Taco Bell Wants to Become the Safest Place to Eat

    The brand knows its workers ‘have a role to play in stopping the spread of COVID-19.'

    Taco Bell

    Taco Bell has dedicated a person to increase frequency of cleaning.

    The COVID-19 pandemic threw a major curveball at the restaurant industry in mid-March, forcing brands nationwide to adapt.

    By March 15, traditional Taco Bell restaurants began operating via drive-thru, while urban in-line and non-drive thru restaurants opened for carryout only.

    The company amended its sick policy at domestic company-owned stores by paying employees who are required to stay home or who work at a closed restaurant. They’ve encouraged franchisees to do the same.

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    In a letter, CEO Mark King told customers that “franchisees and team members have an obligation to do something to help stop this from spreading.” The company has done so through seven enhanced safety steps: requiring contactless service and payment, mandating that employees wear gloves and masks where required, sealing bags, implementing “industry-leading” sanitation standards, dedicating a specific role to deep cleaning, providing extra sanitation options for customers, and checking employee temperatures.

    Mike Grams, president and global chief operating officer, answered questions about how the fast-food chain is putting safety first amid the pandemic.

    The pandemic is unprecedented and ever-changing, requiring swift action and decision-making on the part of operators. Could you describe Taco Bell’s ideation process in terms of formulating what safety measures to enact? 

    When COVID-19 became a reality in the U.S. over a month ago, we immediately set out with the goal of being the safest place to eat and the safest place to work.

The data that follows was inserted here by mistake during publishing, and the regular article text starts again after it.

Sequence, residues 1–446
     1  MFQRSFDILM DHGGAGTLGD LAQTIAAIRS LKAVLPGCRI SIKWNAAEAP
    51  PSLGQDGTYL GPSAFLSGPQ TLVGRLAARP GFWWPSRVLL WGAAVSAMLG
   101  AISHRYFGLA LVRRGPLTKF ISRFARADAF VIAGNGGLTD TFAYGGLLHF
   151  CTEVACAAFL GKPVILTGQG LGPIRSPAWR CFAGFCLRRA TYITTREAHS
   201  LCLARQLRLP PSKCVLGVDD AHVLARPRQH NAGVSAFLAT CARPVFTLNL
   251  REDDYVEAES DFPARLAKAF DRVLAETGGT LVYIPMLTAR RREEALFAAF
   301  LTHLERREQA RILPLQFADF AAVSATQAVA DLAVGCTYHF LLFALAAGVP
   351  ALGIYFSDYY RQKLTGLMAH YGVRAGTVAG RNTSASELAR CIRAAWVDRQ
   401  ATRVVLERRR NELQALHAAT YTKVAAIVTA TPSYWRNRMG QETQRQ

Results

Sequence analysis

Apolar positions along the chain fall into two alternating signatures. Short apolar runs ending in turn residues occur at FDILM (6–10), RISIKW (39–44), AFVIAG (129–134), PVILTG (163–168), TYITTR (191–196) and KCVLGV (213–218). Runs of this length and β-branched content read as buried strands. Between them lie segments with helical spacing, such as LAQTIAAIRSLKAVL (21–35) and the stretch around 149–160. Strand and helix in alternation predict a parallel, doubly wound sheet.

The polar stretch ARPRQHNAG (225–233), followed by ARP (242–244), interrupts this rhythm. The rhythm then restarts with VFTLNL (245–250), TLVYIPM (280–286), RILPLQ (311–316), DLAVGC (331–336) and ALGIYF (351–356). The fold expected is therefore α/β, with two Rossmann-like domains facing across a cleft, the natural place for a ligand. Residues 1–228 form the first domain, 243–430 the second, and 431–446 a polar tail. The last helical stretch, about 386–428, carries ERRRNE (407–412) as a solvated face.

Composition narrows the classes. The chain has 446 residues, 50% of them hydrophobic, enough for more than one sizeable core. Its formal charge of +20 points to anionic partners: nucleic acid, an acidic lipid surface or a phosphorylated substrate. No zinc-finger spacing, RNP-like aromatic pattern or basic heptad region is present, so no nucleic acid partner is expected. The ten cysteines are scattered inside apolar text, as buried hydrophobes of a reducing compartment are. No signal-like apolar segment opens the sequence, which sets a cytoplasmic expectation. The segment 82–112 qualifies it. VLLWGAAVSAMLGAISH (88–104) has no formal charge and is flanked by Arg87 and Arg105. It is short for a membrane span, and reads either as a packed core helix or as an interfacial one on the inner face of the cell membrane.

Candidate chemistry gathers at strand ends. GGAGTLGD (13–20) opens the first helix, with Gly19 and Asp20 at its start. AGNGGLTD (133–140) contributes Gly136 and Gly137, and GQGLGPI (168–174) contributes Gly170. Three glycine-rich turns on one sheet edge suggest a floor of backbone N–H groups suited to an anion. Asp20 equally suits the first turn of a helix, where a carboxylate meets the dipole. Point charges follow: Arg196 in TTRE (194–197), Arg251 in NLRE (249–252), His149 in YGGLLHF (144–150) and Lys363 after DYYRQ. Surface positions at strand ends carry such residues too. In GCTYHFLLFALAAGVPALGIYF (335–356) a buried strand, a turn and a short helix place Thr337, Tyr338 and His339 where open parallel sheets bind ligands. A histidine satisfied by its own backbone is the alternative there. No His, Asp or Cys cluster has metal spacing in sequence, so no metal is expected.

To inform our decision-making, we leveraged intel from a variety of experts, used learnings from the experiences of our sister brands in other countries and maintained a constant two-way dialogue with our restaurant field teams and franchisees to ensure we were listening to and meeting their needs.

    In mid-March, we updated our paid sick leave policy and were one of the first brands to voluntarily close our dining rooms in a cautious effort to keep our teams and guests safe. Shortly after, we launched a COVID-specific page on our website so we could transparently share updates with our guests and have done the same for our Team Members via a separate microsite. Most recently, we introduced our "7 Enhanced Safety Steps," which began rolling out in restaurants across the U.S. last week. Internally these steps are reflected in our service and safety measures, which roll out sequentially every few weeks.

    Have there been any challenges or obstacles to ensuring each Taco Bell restaurant has an ample supply of gloves, masks, and thermometers?

    Throughout this process, we have followed the recommendations of both the CDC and WHO for how best to respond. In this fluid situation, we recognize there are a lot of real-time learnings and quickly recognized the high demand for frontline healthcare workers and first responders. As those functions were the priority in receiving masks, we held off on ordering to both follow the CDC recommendations and allow the supply chain to catch up.

    Now, as supply is being made available, we are actively distributing non-medical grade masks to our entire system. While some restaurants already provide masks, especially in areas where face coverings are mandated, we are now ensuring all restaurants, regardless of requirement, will be supplied with masks to ensure both the comfort and safety of everyone who experiences Taco Bell.

    Are there any challenges in balancing extra sanitation efforts with an effective throughput?